Monthly Archives: February 2010

Robert Frank and his Detroit experiences on view in DIA photo exhibition opening March 3

Detroit River Rouge Plant, 1955, © Robert Frank

Detroit Experiences: Robert Frank Photographs, 1955 opens at the DIA this Wednesday, March 3. I thought readers might want a quick look at a few of the photographs in the exhibition (there are over 60 works – all from the DIA’s permanent collecction) which will be on view in the special exhibition galleries just off Rivera court where the Detroit Industry murals by Mexican artist Diego Rivera have been on view since 1932.

View of the DIA's Rivera court and Diego Rivera's Industry murals from 1932

View of the DIA's Rivera court and Diego Rivera's Industry murals from 1932

Both men found inspiration for their work at the Ford Motor Company River Rouge plant (known as “the Rouge” to locals) in Dearborn, Michigan.

Frank spent several days photographing at the Rouge in 1955. About a third of the exhibition includes Frank’s rare imagery from inside the huge complex. He also visited Belle Isle, the Gratiot Drive-In (found in Roseville, Michigan, and now demolished), as well as other familiar haunts around the city. Frank came to Detroit to photograph “how Americans live and work” – several of the Detroit images were reproduced in his book The Americans and appeared in later publications he created. The photographs were part of a larger group of nearly 27,000 images he took traveling across the U.S on a Guggenheim fellowship.

DIA visitors weigh in on the photographs of Walker Evans

Response station for the recent DIA photo exhibition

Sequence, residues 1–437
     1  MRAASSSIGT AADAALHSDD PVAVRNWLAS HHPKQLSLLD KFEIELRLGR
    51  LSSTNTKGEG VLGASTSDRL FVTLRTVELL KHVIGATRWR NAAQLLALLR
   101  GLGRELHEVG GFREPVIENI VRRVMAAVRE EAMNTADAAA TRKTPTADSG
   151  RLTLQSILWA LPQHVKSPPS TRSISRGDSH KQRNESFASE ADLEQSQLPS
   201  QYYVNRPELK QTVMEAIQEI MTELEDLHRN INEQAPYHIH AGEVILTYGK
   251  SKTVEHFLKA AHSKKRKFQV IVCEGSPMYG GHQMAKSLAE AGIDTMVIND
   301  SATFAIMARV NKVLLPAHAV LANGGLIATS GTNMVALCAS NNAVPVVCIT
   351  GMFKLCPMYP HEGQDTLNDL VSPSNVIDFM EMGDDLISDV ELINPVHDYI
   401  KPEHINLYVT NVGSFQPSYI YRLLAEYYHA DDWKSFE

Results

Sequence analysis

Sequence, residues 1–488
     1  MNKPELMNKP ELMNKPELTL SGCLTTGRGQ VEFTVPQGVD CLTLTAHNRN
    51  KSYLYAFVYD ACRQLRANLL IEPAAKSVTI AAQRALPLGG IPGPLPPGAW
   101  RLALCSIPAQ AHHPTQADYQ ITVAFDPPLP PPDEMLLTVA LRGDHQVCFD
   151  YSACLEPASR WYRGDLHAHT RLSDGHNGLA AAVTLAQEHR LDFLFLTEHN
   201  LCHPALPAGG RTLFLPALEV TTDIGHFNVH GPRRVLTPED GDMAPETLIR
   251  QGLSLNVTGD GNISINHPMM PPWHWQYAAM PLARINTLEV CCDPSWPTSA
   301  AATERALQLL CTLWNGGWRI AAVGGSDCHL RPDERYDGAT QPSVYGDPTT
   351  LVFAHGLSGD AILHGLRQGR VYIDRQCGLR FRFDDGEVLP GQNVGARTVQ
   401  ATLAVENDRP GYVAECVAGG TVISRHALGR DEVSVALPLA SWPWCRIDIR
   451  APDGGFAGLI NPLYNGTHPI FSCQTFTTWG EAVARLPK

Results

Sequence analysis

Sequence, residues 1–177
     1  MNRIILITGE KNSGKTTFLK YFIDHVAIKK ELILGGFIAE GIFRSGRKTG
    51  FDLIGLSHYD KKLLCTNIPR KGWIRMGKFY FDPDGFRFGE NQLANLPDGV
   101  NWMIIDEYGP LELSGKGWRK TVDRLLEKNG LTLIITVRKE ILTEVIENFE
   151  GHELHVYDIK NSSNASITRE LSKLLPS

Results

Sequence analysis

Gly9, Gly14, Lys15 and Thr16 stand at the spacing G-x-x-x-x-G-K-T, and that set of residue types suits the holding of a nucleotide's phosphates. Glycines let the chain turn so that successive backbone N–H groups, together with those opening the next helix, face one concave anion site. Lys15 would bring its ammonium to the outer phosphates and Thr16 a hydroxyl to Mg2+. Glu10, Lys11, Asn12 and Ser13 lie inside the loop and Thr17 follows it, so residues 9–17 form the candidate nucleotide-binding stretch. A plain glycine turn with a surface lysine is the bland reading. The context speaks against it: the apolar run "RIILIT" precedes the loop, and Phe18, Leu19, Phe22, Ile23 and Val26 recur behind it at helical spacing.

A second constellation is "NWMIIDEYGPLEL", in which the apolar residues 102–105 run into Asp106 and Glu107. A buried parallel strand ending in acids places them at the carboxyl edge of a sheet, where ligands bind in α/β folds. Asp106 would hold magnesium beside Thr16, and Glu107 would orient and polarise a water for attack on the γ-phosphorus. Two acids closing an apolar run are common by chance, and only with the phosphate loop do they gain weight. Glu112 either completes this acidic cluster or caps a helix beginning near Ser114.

When the exhibition Photography – The First 100 Years closed on January 3, 2010, I had a chance to review feedback left behind from visitors who took the time to comment on the work of Walker Evans, who was the first photographer to be recognized  with a one-person exhibition at the Museum of Modern Art in 1938. A response station was set up in the gallery and we asked visitors, “are you a fan or a critic” of the late photographer’s work? An overwhelming majority of visitors expressed their praise for Evans’ straight documentary approach to 1930’s American subjects.

View of Walker Evans' photographs in the DIA exhibition "Photography: The First 100 Years"

View of Walker Evans' photographs in the DIA exhibition "Photography: The First 100 Years"

Evans was represented by over a dozen photographs in the exhibition, which traced the development of photography by over 50 photographers from about 1840 to 1940. Impressionistic imagery by pictorialist photographers and iconic modernist photographs by Edward Weston, Charles Sheeler and Edward Steichen were on view to the public as well. Walker Evans cared neither for the “artsiness” of the pictorialists nor the slickness of modernism, particularly when applied to advertisting work as seen in work by Edward Steichen.

With nearly 1,000 response cards submitted, I read them all  – from eloquent to stoic and sparse – Evans clearly had a few critics, but mostly fans. Here are a few cards that represent a cross-section of the wide variety of responses we received.

Response stations are popular with our visitors and can be found throughout the museum. One particularly active station has been set up in the current Schwartz galleries for the exhibition “Government Support for the Arts: WPA Prints from the 1930s” – to view visitor responses, mostly hand drawn, check out our  “WPA Response” Flickr page.